Actually, I have much less problem with ENLs being taught traditional/prescriptive grammar because they never heed it anyway. But don't conclude from that that I believe it makes sense to teach nonsense.
Prescriptivism is kind of a running joke with serious language scientists. Surely you remember Professor Nunberg's description of prescription;
[added emphasis is mine]
Most of my fellow linguists, in fact, would say that it is absurd even to talk about a language changing for the better or the worse. When you have the historical picture before you, and can see how Indo-European gradually slipped into Germanic, Germanic into Anglo-Saxon, and Anglo-Saxon into the English of Chaucer, then Shakespeare, and then Henry James, the process of linguistic change seems as ineluctable and impersonal as continental drift. From this Olympian point of view, not even the Norman invasion had much of an effect on the structure of the language, and all the tirades of all the grammarians since the Renaissance sound like the prattlings of landscape gardeners who hope by frantic efforts to keep Alaska from bumping into Asia.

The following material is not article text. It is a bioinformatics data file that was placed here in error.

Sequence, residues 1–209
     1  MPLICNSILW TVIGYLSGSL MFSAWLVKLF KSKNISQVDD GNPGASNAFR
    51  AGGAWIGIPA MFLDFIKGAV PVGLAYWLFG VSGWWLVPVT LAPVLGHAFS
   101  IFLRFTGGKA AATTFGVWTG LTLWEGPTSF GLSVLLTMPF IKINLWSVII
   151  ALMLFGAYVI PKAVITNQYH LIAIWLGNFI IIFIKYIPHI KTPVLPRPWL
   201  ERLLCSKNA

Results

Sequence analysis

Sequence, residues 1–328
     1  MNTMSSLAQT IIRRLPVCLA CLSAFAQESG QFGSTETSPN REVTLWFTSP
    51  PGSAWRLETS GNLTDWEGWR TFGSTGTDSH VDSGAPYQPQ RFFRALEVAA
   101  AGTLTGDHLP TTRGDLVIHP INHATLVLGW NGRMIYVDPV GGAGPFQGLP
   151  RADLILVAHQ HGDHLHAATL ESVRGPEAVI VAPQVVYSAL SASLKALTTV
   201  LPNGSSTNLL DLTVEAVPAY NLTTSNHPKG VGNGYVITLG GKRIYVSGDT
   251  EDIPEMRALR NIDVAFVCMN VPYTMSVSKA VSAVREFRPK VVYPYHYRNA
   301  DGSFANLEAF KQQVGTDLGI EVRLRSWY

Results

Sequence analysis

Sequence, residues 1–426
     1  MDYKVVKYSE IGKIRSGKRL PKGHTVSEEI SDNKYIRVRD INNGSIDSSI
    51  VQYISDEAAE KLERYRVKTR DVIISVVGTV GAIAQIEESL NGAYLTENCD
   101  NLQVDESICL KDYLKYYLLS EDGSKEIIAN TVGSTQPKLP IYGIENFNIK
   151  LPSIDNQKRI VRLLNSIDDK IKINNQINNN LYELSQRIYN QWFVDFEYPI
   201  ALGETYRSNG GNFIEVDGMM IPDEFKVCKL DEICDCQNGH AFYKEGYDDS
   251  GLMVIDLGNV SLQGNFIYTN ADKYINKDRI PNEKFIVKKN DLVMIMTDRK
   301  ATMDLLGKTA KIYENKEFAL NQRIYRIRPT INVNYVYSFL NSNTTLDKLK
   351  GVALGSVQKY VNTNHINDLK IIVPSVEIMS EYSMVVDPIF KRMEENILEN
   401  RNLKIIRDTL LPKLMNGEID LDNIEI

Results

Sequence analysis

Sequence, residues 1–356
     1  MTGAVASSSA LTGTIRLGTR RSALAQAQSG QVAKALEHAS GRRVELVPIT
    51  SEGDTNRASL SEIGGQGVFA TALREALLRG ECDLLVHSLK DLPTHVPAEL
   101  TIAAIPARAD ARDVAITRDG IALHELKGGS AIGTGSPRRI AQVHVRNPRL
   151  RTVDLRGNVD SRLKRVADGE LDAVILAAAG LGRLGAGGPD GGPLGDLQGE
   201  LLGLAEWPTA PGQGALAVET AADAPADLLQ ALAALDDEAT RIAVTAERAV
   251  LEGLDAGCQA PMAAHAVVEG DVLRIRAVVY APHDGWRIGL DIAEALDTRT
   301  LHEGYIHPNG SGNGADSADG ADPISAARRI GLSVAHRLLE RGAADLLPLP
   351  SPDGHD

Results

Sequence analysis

It's when ESLs are taught prescriptive grammar that the problems arise. They do listen and as a result they are seriously affected in their language comprehension and use.
Last edited by riverkid; 17-Feb-2007 at 20:08.